The family that developed Southland Corp. from an ice company into the nation's largest operator of convenience stores, 7-Eleven, will relinquish the control they have held for nearly 60 years as the company is restructured.

Southland said officials from the Japanese companies that would buy a majority of Southland's stock will dominate the board and management, including Masatoshi Ito as chairman.Ito would replace chairman John P. Thompson, son of the late Joe C. Thompson, the patriarch who developed Southland.

Ito is president of Ito-Yokado Group and chairman of 7-Eleven Japan, the two companies that propose paying $430 million to buy 70 percent of Southland.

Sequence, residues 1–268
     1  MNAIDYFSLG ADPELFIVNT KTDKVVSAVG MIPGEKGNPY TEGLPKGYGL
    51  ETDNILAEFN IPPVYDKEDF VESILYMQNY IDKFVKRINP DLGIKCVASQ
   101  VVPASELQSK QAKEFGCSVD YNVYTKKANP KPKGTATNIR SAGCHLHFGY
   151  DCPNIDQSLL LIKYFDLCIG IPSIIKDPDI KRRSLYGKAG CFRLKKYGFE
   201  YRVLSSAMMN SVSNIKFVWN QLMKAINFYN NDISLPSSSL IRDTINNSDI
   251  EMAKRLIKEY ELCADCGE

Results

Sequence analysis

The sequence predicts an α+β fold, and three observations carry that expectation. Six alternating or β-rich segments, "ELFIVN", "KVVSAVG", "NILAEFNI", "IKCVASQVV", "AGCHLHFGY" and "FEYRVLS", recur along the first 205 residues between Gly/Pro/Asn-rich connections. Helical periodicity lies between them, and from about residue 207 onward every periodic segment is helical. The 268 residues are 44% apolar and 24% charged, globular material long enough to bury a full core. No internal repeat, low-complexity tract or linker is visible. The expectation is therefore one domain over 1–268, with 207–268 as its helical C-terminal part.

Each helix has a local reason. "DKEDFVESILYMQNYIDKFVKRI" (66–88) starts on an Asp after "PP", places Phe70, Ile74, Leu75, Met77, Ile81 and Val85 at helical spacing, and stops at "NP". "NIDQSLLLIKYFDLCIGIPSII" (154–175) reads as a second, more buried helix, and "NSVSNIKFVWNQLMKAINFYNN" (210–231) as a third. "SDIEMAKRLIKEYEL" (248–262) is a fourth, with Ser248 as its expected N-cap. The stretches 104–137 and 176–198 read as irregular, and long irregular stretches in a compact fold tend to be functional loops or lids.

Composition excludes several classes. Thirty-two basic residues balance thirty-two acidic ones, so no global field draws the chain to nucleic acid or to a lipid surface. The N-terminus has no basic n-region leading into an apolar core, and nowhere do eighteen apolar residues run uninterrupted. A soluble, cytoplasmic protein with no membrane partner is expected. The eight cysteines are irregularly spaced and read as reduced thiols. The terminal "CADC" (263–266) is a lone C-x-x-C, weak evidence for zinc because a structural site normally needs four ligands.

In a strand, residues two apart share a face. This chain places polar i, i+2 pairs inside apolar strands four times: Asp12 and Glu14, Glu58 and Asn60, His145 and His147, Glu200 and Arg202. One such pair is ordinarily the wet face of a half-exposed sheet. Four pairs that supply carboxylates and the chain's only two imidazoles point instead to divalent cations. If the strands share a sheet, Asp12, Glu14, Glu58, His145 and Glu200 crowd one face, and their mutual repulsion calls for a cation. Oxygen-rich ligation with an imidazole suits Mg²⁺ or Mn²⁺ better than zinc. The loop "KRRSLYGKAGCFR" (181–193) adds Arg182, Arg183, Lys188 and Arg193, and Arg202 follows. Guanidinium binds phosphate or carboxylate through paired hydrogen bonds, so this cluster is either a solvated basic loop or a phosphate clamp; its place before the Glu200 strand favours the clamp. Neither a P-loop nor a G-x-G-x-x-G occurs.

Clark Matthews, Southland's chief financial officer, would become the company's president and chief executive officer, according to the plan filed Monday. He would replace Jere Thompson.

Toshifumi Suzuki, Ito-Yokado executive vice president, would become vice chairman of Southland's board.

The announcement confirmed speculation about a severely reduced role for the Thompsons that followed Southland's first proposals in March for a restructuring. In an offer revised several times since then, Southland wants to exchange $1.8 billion in expensive loans for less costly notes and sell control of the company to the Japanese companies for the much-needed cash.

Southland filed a prepackaged bankruptcy plan in October after gaining approval from the company's major creditors. Southland hopes to emerge from court protection within months.